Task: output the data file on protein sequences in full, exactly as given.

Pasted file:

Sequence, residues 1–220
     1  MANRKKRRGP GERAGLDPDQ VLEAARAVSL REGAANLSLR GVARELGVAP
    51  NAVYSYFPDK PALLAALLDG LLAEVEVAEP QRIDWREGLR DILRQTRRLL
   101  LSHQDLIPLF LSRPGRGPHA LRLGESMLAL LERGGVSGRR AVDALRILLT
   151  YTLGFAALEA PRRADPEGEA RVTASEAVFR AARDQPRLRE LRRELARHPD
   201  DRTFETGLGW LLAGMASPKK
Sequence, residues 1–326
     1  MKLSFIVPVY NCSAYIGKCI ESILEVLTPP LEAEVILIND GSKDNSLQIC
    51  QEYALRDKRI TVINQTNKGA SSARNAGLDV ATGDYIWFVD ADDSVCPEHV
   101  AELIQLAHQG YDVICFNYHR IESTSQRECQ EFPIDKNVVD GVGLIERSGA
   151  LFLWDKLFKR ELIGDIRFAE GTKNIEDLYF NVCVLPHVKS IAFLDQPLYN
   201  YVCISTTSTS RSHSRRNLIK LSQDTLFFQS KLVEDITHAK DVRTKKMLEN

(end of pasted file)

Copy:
Sequence, residues 1–220
     1  MANRKKRRGP GERAGLDPDQ VLEAARAVSL REGAANLSLR GVARELGVAP
    51  NAVYSYFPDK PALLAALLDG LLAEVEVAEP QRIDWREGLR DILRQTRRLL
   101  LSHQDLIPLF LSRPGRGPHA LRLGESMLAL LERGGVSGRR AVDALRILLT
   151  YTLGFAALEA PRRADPEGEA RVTASEAVFR AARDQPRLRE LRRELARHPD
   201  DRTFETGLGW LLAGMASPKK
Sequence, residues 1–326
     1  MKLSFIVPVY NCSAYIGKCI ESILEVLTPP LEAEVILIND GSKDNSLQIC
    51  QEYALRDKRI TVINQTNKGA SSARNAGLDV ATGDYIWFVD ADDSVCPEHV
   101  AELIQLAHQG YDVICFNYHR IESTSQRECQ EFPIDKNVVD GVGLIERSGA
   151  LFLWDKLFKR ELIGDIRFAE GTKNIEDLYF NVCVLPHVKS IAFLDQPLYN
   201  YVCISTTSTS RSHSRRNLIK LSQDTLFFQS KLVEDITHAK DVRTKKMLEN